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Germantown Area Police Commander Speaks at Event Held to Raise Awareness of Heroin Addiction and Rec



Commander David Gillespie of the 5th District – Germantown was among the speakers at the “Lights of Hope” event held in Rockville on Saturday night. The “Lights of Hope” recovery celebration raised awareness for the need for greater school-based programs to support County students with substance use and other behavioral health disorders.

During the event on Saturday night, Rockville Town Square vibrated with the chatter of people, noise from the restaurants, and sounds from the band, Just Stones. In the midst of the bubbling activity of everyday life, a message was emphatically impressed on everyone present — end the stigma of addiction by heightening community awareness and celebrate recovery.

According to the Montgomery County Opioid Misuse Prevention Program Community Needs Assessment (2015), 17 percent of 12th graders reported misusing prescription opiates, while 7.4 percent of students over 17 reported heroin use. A recent study (JAMA Psychiatry, 2014) on heroin users found that the average age of first use is 22 years old, although 75 percent were already addicted to or used prescription opioids first. Many parents agree that drug and alcohol dependence often starts in high school, and some report as early as middle school.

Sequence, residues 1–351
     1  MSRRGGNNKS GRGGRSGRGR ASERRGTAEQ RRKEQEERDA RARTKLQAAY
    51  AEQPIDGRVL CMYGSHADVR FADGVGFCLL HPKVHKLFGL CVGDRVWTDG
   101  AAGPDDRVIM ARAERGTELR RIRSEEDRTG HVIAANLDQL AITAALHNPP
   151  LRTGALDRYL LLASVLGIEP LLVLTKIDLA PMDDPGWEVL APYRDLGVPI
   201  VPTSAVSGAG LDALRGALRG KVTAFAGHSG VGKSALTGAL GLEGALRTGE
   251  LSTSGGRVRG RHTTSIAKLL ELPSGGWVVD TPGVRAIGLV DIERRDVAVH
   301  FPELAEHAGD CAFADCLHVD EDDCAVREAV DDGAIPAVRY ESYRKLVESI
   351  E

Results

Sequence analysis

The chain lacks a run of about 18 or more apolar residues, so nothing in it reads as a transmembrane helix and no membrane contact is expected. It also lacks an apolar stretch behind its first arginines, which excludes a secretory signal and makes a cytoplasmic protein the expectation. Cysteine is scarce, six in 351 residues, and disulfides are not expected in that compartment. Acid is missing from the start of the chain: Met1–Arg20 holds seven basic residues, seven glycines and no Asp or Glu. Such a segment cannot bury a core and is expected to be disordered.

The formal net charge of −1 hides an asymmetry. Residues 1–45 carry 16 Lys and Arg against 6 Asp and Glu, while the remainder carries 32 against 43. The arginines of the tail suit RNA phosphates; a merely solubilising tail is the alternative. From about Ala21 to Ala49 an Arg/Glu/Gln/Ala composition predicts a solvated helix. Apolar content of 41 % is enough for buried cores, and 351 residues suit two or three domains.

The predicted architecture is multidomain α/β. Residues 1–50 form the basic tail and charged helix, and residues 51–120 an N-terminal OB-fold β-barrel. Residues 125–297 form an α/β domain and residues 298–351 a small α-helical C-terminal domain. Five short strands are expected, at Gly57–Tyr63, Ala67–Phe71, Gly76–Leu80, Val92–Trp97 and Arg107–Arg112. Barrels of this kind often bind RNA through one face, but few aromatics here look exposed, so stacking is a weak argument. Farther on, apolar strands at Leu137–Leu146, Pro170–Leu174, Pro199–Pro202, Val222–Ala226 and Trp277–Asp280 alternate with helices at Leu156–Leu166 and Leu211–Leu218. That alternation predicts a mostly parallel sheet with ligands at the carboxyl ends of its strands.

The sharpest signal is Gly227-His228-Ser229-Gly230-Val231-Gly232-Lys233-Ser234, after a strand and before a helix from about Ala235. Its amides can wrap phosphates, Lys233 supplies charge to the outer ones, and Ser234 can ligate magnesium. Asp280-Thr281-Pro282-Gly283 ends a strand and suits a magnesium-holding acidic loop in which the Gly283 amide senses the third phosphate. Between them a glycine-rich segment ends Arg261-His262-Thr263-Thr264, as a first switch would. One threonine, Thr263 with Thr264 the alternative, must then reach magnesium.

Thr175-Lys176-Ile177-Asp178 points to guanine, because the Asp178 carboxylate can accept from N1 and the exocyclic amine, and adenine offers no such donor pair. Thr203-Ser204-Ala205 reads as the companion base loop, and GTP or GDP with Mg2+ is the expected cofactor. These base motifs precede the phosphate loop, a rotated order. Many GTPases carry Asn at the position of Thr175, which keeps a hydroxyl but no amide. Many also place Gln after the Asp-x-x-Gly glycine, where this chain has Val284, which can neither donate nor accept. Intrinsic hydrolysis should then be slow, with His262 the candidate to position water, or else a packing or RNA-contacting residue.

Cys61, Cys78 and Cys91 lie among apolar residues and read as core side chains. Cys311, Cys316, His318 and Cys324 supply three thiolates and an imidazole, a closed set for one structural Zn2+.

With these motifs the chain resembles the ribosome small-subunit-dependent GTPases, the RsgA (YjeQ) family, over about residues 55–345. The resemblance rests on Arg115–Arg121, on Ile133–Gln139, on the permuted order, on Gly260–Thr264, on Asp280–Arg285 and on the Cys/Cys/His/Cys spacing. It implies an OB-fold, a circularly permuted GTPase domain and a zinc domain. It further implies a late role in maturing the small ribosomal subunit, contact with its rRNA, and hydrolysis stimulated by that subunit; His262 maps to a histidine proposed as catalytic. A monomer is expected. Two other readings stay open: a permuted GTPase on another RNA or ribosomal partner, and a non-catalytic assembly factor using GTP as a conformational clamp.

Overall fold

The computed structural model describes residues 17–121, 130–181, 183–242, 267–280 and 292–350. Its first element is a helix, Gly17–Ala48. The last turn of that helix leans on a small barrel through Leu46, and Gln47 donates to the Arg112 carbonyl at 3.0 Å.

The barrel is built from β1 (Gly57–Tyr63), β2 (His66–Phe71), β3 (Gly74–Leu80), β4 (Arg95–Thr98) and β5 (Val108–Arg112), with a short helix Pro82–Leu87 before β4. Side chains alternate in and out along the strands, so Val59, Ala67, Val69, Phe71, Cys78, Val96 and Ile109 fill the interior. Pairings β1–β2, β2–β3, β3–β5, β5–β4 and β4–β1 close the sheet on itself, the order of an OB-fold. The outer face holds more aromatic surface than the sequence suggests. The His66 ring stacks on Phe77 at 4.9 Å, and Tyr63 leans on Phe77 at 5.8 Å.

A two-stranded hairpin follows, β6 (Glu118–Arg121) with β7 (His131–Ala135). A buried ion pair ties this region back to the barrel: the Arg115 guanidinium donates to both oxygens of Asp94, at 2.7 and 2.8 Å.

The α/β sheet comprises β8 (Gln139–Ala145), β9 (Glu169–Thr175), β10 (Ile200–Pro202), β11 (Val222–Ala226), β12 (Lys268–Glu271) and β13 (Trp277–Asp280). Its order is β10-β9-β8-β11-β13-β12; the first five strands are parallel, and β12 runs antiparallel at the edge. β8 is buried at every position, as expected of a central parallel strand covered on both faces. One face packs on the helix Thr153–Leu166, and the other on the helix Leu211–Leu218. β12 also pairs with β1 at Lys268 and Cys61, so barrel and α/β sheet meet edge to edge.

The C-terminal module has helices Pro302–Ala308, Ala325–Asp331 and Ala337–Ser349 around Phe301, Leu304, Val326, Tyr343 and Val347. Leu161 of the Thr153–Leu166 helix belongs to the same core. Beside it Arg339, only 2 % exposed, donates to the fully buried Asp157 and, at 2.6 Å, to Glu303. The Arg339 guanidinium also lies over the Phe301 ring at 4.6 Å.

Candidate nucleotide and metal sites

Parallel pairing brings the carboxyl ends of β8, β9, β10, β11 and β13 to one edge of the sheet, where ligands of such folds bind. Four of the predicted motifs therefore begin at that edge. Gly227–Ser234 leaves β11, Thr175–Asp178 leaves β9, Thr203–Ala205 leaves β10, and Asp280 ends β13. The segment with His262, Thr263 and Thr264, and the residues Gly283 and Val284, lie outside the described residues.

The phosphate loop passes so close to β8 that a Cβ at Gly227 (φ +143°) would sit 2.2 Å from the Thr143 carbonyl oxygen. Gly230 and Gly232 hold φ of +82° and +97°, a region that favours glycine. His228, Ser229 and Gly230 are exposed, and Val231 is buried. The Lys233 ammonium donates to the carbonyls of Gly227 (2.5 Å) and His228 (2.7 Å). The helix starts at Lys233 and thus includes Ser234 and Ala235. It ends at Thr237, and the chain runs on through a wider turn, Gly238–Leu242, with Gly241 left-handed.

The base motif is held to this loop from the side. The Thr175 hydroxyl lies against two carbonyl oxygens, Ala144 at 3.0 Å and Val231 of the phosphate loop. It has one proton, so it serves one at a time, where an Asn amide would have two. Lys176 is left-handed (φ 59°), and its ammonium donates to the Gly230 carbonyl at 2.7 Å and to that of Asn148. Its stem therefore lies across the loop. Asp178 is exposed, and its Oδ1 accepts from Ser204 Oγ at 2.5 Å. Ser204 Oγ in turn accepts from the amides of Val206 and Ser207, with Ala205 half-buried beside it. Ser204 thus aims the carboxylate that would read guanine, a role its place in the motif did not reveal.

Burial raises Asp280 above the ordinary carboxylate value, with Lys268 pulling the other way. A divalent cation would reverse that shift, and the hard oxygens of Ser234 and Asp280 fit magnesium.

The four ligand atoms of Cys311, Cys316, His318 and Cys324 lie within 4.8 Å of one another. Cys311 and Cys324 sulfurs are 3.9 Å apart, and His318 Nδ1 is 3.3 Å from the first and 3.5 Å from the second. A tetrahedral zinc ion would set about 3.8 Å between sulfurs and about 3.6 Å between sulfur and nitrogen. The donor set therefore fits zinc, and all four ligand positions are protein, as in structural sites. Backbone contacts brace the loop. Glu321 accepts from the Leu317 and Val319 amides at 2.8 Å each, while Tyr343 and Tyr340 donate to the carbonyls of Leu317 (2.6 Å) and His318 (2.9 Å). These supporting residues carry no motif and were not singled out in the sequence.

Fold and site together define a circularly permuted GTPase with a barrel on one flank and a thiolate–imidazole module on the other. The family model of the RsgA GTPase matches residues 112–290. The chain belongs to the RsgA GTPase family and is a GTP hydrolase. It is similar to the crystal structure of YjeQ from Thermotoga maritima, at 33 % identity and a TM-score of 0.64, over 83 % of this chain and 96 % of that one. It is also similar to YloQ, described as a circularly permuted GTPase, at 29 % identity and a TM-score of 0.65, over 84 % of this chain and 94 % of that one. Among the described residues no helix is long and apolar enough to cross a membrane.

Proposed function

After mentioning that he is a father of three, Commander Dave Gillespie of the 5th District Montgomery County Police spoke, “We can’t control what our children do. We can’t control the decisions they make. We also understand that this could happen to anybody. So we know, and we learned over the years that arresting people who are addicted to drugs is not the answer. We have worked with other people in social service agencies and continue to work together to be able to provide compassion and support to give people treatment.”

“Today we had an overdose. Last night we had an overdose,” continued Gillespie, “In fact, in this County we’ve had about 90 something overdoses this year that were nonfatal and about 30 that were fatal. That’s a change. The fire department is using NARCAN at least 30 times a month, if not more. This is something that impacts all of us.”

Parents of kids who are struggling or have struggled with drug or alcohol dependence were participating in the “Lights of Hope” recovery celebration.

Donna Evans, mother of five, says not enough is being done in the schools to alert parents to the dangers of prescription opioids, “I get the flyer alerting me to be on the lookout for head lice every year, and what to do if I see the signs. But my daughter has lost nearly a dozen friends to opiate overdose in the past few years and the school isn’t sending home any information on the dangers of prescription painkillers. Our kids are not dying of head lice.”